Of the injuries ruling players out of this year's World Cup, Franck Ribéry's is, on the face of it at least, one of the more damaging to his country's hopes. Ribéry has established himself as one of the best left wingers in world football at present and his loss would naturally hurt any team, let alone one as underachieving in recent years as France's.
The 1998 World Cup and Euro 2000 champions have fallen from grace since their dual triumph around the turn of the century, largely underperforming in each tournament since. Even in their 2006 run to the World Cup final, they progressed so far despite having drawn with both Switzerland and South Korea in the early stages and resultantly coming second in their group.
At both the 2002 and 2010 World Cups they failed to make it beyond the group stage and since winning the European Championship they have not gone past the quarter-finals in three attempts. Even in qualifying for the tournament that begins in Sao Paulo this week, the French survived a real scare in a two-legged playoff with Ukraine. Having lost away from home 2-0 in the first leg, they needed a victory by at least that scoreline in the return match in Paris. Key man Ribéry was, of course, vital.
He terrorised the Ukrainian right-back Vitaliy Mandzyuk, completing seven successful dribbles - that was as many as Ukraine made in total - while also setting up five chances for his teammates and having four shots of his own on his way to a WhoScored rating of 8.49. Predictably, it was Ribéry who set up the third, final and balance-tipping goal that ultimately won the tie 3-2. Ribéry, the big-game player who has produced in the most high-pressure environments for Bayern Munich, had done it again.
And then, buoyed by the manner of their unlikely victory and daring to dream once again, France had the wind taken out of their sails. A back injury has ruled Ribéry out of the World Cup, and Didier Deschamps, now without arguably France's two most creative players, having chosen not to call up the controversial Samir Nasri, needs a new plan.
Previous attempts to play both Karim Benzema and Olivier Giroud up front in a 4-4-2 have proved fruitless and Deschamps rightly doesn't want to split up his fantastic midfield trio of Blaise Matuidi, Yohan Cabaye and Paul Pogba. So, on Sunday night, he chose to play with Giroud leading the line and Benzema pushed out to the left. It worked, with the former netting once and the latter a brace in an 8-0 win, but quite how much can be taken from a drubbing of Jamaica is certainly questionable. Benzema has played through the middle all season for Real Madrid to great effect, scoring 22 goals in 46 appearances in the league and European competition. The thought of him being pushed out wide is an odd one, particularly given the other talent available to Deschamps.
Antoine Griezmann remains another option in the squad, and is certainly a more natural choice for the left-wing berth. Cutting in from that position for Real Sociedad this season, he netted 16 goals, making him La Liga's highest goalscorer outside the top three teams, doing so for a Real Sociedad side that scored only 62 goals in total, while Real Madrid (104) and Barcelona (100) scored significantly more.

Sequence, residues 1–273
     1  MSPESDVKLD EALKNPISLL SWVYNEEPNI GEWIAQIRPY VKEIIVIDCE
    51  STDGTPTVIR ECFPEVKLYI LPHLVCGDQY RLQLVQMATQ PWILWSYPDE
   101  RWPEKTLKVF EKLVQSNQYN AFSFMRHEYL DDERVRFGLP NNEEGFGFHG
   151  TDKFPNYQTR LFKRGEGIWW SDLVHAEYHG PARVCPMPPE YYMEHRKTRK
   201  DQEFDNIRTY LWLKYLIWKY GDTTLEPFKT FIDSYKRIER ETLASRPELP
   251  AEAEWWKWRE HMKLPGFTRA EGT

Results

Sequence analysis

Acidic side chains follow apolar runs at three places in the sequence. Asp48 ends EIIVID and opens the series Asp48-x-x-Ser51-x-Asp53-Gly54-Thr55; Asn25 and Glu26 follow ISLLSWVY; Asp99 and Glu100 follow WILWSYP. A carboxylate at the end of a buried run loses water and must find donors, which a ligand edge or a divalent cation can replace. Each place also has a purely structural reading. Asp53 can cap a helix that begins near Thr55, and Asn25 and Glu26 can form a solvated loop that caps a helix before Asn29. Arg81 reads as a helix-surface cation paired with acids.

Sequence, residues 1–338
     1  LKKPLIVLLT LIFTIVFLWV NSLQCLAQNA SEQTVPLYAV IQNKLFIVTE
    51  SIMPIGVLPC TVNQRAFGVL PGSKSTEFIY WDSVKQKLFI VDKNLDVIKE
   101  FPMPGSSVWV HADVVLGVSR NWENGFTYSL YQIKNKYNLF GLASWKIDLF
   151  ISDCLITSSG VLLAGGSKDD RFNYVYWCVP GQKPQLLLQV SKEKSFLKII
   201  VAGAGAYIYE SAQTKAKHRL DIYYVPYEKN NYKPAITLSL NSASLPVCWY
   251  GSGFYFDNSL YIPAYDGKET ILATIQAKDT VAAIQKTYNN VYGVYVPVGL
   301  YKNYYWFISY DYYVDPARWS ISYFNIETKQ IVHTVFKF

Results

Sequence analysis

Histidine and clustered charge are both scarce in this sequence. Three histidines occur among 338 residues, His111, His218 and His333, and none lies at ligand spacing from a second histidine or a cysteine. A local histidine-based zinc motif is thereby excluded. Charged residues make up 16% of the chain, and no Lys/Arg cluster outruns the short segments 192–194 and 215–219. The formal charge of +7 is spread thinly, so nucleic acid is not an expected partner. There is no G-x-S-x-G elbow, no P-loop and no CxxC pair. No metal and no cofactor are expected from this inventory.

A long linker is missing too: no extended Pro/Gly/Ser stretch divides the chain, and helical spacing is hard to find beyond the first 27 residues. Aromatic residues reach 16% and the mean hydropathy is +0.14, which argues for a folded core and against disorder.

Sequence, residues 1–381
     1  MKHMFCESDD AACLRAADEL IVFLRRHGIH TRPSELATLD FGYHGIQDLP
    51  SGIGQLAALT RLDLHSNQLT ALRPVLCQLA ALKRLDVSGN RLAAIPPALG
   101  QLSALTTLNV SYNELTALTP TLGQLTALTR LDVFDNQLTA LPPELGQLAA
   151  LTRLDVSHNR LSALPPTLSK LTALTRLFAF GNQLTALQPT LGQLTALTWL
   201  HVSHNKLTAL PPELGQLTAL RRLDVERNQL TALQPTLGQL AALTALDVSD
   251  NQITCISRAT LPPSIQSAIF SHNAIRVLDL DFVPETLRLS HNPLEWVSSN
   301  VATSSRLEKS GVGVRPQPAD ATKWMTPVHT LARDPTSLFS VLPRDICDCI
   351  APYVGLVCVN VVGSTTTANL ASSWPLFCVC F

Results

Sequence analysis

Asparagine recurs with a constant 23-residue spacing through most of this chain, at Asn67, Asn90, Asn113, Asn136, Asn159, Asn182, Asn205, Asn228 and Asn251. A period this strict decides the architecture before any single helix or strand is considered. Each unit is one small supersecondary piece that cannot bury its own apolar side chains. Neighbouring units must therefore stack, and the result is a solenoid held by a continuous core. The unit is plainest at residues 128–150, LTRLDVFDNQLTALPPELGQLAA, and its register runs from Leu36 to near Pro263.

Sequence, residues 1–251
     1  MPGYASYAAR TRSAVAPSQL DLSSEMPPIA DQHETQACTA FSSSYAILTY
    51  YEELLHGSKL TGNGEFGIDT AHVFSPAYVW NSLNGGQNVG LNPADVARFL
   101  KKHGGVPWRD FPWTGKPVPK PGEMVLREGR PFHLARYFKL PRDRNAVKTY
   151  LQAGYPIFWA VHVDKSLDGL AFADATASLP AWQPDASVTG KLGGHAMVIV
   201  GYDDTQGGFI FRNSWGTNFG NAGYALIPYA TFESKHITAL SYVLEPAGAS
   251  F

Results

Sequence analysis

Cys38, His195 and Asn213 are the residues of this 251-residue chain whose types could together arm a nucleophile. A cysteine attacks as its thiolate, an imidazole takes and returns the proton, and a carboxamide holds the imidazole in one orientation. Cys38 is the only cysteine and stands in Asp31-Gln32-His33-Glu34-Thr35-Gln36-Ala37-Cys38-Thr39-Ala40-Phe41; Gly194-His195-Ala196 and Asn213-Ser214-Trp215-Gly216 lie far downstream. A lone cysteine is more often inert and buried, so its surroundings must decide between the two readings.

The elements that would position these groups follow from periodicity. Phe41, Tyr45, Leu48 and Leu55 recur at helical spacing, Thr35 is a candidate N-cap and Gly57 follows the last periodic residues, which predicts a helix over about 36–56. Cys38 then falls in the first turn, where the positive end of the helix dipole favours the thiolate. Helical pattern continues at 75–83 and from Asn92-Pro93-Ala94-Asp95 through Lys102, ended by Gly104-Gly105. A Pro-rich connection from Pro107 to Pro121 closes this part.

Brimming with confidence, Griezmann carries the ball forward at pace and cuts in from the wing to unleash a vast number of attempts from distance. In La Liga last season, only top dogs Cristiano Ronaldo (216) and Lionel Messi (160) had more attempts at goal than Griezmann (111), and though his resultant 14.4% conversion rate leaves something to be desired, he shoots so much that he still reaps vast reward. He even shoots with more goalscoring success than Ronaldo (14.35%).
The issue for Deschamps may well be the vastly differing approach he provides to Ribéry. While the Bayern winger likes to hit the byline and put crosses up for a big striker to attack, Griezmann much prefers to cut onto his right foot and unleash an effort at goal. Besides playing for an inferior club, that he averaged 0.5 accurate crosses per game compared to Ribéry's 1.0 may have had a significant impact on Griezmann's assist tally (three). Put him on the wing with a player like Benzema through the middle, however, and he may be more encouraged to take the outside route down the line more frequently.
He also netted the final two goals in the aforementioned win over Jamaica on Sunday after replacing Giroud in the 71st minute. Prior to that, too, he came off the bench to score France's goal in a 1-1 draw with Paraguay. Clearly, as a young, confident, pacy winger, he is an effective impact substitute for his country, but as he has proven all season for his club, he can be relied upon at the highest level from the off. The fact that that would allow Benzema to continue through the middle gives more value to the argument for Griezmann to start.
One might argue that Giroud's aerial ability, with the delivery of Mathieu Valbuena from the right, would be of use, but Griezmann too possesses a fantastic threat in this regard. Despite standing at just 5 ft 9 in, only three players scored more headed goals in La Liga last season than Griezmann (5), as he joined the striker to add another man in the middle when attacks came down the opposite flank.
Only 23 years of age, he has an incredibly bright future ahead of him, but he is ready to announce himself on the world stage in Brazil this summer, if he is given the chance. He has the quality to provide for France, and could surprise a defence or two. With no Ribéry, things are going to be tough for the French, but Griezmann's ability makes the loss of their talisman that little bit easier to take.
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